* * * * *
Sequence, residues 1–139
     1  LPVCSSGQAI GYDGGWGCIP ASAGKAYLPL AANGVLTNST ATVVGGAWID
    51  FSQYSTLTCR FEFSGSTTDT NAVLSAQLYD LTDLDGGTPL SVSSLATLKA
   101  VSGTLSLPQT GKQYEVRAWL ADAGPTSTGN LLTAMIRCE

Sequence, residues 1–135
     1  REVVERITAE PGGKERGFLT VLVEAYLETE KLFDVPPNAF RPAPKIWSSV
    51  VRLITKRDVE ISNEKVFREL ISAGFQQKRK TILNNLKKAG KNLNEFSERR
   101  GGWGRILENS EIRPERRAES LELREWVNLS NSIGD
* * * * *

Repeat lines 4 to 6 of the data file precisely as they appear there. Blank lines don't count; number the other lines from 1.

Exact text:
   101  VSGTLSLPQT GKQYEVRAWL ADAGPTSTGN LLTAMIRCE

Sequence, residues 1–135
     1  REVVERITAE PGGKERGFLT VLVEAYLETE KLFDVPPNAF RPAPKIWSSV